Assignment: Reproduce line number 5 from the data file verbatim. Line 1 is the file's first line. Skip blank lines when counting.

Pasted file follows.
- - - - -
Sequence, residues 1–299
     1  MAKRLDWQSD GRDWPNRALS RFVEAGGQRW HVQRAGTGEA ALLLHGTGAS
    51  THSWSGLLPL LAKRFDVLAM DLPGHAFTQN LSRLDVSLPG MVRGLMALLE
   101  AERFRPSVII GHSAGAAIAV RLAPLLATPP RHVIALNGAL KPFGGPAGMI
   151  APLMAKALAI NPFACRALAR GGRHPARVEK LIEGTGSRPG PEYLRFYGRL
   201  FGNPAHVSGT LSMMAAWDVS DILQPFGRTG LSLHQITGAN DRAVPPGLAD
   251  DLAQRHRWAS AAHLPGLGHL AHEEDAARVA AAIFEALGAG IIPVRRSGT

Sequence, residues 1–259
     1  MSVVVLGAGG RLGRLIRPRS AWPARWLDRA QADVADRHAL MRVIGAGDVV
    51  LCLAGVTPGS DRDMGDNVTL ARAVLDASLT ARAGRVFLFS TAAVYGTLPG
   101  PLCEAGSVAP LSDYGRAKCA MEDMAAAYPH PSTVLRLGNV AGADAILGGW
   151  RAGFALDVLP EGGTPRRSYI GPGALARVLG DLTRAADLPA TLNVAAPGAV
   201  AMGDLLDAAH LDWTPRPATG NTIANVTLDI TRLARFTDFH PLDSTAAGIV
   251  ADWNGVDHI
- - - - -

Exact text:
   151  APLMAKALAI NPFACRALAR GGRHPARVEK LIEGTGSRPG PEYLRFYGRL